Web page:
Considering the guys-with-picks-and-shovels era in which this railway was constructed, it was no mean feat of civil engineering. Most of its path is plain to this day - following it is a great exercise in industrial archaeology - and parts of it, especially its ascent through the park and the switchback, cause pause for respect. And a wish to have been able to have traveled it at its prime.
Narrow-gauge railway enthusiasts still to this day get all misty-eyed and giddy about the Governor Dick railway and its engines; it is something of a legend. Sadly, it wasn't to last; it was hideously expensive to run and maintain; when Robert Coleman had his financial train-wreck in the mid 1890s bringing down his empire (brought about by over-investment in, surprise, railways), the runs up the mountain ceased. Later, in 1915, when some soldiers from the Pennsylvania National Guard encampment near the village (Soldier Field) managed to topple some of the cars with injuries resulting, the appeal palled, the service stopped, the tracks were dismantled, the engines sold for scrap.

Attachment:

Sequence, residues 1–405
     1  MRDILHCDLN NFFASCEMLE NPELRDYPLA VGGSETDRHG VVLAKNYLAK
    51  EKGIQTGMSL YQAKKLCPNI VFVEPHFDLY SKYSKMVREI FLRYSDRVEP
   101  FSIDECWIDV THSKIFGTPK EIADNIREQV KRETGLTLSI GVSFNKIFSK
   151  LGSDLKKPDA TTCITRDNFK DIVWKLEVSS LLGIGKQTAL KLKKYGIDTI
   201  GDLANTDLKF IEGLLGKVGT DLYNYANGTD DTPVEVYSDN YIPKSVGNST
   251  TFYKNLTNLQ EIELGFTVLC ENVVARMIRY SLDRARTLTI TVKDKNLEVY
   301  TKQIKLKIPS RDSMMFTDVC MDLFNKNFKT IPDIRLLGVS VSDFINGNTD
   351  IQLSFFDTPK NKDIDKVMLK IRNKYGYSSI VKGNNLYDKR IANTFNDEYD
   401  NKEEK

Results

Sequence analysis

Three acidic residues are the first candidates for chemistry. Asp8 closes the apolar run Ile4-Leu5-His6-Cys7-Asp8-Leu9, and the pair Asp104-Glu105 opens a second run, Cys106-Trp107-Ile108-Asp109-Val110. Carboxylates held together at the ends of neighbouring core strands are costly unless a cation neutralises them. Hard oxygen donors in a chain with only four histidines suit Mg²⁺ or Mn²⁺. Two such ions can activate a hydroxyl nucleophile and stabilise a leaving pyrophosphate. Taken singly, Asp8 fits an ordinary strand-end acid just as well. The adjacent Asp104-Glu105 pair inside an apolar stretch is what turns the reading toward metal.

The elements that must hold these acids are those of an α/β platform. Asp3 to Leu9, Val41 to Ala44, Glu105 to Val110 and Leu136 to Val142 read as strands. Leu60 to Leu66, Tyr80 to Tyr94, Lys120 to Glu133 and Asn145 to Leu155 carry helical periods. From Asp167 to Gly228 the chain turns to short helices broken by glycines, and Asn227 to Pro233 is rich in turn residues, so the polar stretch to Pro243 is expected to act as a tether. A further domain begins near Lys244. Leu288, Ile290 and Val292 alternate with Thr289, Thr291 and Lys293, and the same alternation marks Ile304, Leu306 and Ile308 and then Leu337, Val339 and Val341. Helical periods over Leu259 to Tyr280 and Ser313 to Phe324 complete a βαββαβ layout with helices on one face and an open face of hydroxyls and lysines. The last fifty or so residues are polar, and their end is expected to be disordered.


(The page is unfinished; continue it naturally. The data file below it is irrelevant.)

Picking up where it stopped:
A self-made man in the fuel-oil business, Clarence Schock, whose Sico Oil Co. based in Mount Joy, PA is still in business, steadily bought up the tract that is now the park in bits and pieces; from Henry Koser in 1934, Farmers National Bank of Lititz in 1937 and finally Bethlehem Steel in 1940. It was a glorious nature preserve for him and his wife, Evetta. In 1953 he granted it to the Mount Joy School District to administer, with the idea of it being a nature reserve for the children of that district, and a publicly accessible park.
Got a question? Ask the Historian
Back to Menu
© Friends Of Governor Dick, 2002,3